Another sign of ethopathy's religious foundation is its intolerance of any intellectual questioning of its received tenets. Religion rests on powerful emotional reflexes that go far deeper than discursive argument. Indeed, arguing with ethopaths over their obsessive symptoms is mostly useless, and often dangerous. Try to convince a middle-aged secretary that driving thirty miles a day on her stationary bicycle will not appreciably enhance her marriage prospects or her lifespan, and be prepared for an explosion. Tell a yuppie twit that spending half his salary to live in Chelsea or Soho is patently insane when he could dwell cheaply and more comfortably in a non-trendy neighborhood, and he'll punch you out. Explain to a computer geek that the only tools one needs to write are paper, pen, and perhaps a typewriter, and he'll glare at you in pitying contempt. In each case the ethopath is impervious to rational appeals, and doggedly sticks to the True Faith with all the stubbornness of a Breton peasant.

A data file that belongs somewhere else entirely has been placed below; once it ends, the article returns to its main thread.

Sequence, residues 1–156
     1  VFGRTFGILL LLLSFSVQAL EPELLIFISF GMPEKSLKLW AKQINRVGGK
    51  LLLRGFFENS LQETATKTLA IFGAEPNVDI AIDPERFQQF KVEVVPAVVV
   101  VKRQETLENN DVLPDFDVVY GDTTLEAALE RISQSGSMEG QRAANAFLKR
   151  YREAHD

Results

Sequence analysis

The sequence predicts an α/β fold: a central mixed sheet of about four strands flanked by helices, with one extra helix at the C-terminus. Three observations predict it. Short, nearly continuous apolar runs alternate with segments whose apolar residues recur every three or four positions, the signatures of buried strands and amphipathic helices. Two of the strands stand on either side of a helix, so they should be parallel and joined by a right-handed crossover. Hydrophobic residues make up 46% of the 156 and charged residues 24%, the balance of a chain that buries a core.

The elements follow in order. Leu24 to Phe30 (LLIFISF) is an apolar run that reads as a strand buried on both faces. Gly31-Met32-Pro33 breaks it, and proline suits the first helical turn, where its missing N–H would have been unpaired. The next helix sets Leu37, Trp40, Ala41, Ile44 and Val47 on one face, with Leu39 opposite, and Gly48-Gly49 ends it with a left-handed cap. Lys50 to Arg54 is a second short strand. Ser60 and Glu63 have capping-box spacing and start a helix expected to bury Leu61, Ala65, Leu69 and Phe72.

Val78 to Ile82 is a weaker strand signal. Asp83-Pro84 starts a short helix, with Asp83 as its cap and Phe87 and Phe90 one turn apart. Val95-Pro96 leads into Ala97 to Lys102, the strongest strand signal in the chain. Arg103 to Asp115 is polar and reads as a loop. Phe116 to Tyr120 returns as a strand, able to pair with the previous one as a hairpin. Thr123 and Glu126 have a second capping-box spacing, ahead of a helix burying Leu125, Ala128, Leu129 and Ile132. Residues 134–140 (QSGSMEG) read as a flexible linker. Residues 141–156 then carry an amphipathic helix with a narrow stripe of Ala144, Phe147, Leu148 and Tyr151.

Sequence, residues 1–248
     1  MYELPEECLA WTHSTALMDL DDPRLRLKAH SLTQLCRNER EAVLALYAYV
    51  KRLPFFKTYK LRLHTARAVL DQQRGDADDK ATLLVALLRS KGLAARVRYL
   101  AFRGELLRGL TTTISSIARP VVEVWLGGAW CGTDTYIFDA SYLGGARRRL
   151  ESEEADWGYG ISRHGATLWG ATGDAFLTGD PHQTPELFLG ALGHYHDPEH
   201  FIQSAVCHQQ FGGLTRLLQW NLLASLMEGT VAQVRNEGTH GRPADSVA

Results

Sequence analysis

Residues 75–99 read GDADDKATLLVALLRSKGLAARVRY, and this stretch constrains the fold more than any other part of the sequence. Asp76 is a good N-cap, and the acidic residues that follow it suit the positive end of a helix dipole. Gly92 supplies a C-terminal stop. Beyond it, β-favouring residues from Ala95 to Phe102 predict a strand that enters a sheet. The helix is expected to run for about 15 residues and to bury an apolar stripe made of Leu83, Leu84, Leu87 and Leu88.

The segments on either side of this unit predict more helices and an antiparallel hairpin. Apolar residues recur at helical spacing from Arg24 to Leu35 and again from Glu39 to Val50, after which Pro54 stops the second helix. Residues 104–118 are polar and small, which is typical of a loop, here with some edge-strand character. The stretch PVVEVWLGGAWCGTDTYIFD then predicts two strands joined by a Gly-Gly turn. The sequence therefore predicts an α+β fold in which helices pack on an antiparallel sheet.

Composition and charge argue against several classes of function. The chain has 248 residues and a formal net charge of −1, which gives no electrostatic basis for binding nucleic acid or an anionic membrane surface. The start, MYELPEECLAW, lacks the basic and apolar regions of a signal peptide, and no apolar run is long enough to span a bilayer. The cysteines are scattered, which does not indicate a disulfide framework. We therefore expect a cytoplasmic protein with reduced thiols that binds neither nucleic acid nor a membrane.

Consider the vegetarian freak who makes a scene at a restaurant over the presence of animal fat in his dessert. Or the environmentalist fanatic who stops a major dam's construction to save some obscure snail species. Or the fundamentalist busybody who threatens a boycott of the local 7-Eleven because it carries Playboy magazine. Each of them is sick in a different way, but they have in common an ironclad devotion to an absurdity, and a need to live out the consequences of that absurdity regardless of their own discomfort and inconvenience or that of other persons. The modern world is infested with these infantile whiners, who make their own lives and the lives of those around them miserable. Our lexicon needs the word ethopathy to pin down, once and for all, the shared psychic disorder that unites all these various pathologies. After the disease has been recognized and named, we can begin to research its etiology and possible cure.